2 Corinthians 5:1-10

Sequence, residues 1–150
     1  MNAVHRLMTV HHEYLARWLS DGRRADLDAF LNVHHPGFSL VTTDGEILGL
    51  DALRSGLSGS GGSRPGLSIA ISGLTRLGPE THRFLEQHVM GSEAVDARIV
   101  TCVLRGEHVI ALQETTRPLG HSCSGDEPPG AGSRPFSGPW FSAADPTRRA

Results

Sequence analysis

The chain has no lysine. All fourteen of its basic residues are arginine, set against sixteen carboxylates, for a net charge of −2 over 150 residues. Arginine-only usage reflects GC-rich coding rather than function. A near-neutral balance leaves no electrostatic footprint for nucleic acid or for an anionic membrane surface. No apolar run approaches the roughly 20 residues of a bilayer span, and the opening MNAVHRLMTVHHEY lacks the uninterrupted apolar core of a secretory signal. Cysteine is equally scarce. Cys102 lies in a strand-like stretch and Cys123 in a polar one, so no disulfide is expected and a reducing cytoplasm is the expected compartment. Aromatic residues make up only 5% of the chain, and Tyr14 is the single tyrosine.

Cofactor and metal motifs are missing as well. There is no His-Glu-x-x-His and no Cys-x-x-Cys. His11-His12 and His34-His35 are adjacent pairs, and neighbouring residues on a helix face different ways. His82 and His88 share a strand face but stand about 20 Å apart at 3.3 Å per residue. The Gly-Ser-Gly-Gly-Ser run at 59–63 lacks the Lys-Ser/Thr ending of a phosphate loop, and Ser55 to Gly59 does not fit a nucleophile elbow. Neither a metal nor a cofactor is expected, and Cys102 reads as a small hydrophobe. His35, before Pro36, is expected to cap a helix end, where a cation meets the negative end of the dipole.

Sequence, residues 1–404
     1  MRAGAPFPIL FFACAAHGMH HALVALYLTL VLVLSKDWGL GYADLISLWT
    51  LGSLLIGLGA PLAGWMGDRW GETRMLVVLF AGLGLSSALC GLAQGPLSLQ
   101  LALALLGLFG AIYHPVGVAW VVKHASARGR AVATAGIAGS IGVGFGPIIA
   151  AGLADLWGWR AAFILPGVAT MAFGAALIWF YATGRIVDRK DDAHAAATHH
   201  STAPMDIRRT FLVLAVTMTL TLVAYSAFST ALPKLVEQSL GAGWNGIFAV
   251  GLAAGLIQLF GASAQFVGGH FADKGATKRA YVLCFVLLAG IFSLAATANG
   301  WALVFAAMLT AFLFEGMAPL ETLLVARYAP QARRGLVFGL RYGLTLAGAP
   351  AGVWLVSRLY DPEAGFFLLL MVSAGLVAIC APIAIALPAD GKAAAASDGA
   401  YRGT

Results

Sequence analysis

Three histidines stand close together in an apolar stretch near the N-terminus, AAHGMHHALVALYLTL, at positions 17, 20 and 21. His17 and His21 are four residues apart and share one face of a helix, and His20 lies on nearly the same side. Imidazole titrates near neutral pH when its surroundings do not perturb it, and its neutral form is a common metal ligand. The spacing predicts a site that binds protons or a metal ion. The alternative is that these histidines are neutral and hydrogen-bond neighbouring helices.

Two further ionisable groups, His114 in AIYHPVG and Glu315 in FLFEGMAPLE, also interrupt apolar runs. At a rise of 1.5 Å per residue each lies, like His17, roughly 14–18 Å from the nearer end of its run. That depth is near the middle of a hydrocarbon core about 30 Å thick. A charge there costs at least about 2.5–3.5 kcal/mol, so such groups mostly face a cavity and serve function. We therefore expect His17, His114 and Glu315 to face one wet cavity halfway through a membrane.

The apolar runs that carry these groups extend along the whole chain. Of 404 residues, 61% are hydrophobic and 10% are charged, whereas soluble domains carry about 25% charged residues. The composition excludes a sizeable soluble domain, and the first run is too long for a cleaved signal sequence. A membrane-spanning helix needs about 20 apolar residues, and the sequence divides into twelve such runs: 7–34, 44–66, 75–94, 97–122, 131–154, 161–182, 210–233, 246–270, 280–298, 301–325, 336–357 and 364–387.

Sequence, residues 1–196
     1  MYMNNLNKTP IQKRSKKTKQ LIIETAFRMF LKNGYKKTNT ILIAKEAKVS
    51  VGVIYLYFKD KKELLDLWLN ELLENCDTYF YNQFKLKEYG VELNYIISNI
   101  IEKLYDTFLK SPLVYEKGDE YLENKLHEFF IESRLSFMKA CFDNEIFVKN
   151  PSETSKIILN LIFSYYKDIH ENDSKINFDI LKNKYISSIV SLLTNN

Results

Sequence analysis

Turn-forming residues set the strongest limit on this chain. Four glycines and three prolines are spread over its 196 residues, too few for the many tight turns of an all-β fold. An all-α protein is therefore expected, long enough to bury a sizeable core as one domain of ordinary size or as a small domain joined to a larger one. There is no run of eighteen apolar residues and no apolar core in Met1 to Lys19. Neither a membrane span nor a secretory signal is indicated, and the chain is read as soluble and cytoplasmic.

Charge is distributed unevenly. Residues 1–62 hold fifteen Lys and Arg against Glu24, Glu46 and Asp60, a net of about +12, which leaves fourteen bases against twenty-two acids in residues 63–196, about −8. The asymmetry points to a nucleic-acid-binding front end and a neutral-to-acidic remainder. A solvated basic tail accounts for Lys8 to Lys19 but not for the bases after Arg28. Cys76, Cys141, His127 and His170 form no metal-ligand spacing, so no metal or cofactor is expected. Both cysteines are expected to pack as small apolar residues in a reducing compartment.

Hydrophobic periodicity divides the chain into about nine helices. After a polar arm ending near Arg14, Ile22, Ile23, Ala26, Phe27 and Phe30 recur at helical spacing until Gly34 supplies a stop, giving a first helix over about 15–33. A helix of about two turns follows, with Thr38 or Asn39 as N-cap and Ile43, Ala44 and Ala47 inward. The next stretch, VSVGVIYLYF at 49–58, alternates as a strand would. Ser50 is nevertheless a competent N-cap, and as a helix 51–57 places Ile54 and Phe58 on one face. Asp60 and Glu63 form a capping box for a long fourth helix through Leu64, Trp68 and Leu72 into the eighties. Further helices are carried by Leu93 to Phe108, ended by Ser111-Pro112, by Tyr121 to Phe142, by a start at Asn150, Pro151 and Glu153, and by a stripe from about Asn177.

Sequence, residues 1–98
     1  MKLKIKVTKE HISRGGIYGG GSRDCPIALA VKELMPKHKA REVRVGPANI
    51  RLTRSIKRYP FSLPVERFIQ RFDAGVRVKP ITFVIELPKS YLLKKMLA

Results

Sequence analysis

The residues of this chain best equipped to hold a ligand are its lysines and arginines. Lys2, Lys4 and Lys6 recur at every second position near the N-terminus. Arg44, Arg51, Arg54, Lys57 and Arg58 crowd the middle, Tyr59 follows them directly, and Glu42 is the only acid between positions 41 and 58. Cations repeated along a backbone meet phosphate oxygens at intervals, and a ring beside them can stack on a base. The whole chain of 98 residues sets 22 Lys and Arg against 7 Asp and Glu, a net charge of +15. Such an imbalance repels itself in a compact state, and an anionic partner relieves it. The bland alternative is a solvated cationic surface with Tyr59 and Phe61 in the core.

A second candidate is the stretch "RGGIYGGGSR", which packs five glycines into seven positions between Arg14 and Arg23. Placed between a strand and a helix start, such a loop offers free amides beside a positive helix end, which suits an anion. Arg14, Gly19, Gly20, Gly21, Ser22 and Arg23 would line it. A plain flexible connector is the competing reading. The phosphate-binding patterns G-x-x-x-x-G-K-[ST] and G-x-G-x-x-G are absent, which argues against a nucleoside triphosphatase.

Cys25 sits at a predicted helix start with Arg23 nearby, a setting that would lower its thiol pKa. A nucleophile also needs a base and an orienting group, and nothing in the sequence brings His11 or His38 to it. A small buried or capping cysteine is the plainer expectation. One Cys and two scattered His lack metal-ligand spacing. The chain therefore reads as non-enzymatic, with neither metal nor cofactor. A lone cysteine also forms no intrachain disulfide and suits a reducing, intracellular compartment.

For we know that if our earthly house of this tabernacle were dissolved, we have a building of God, an house not made with hands…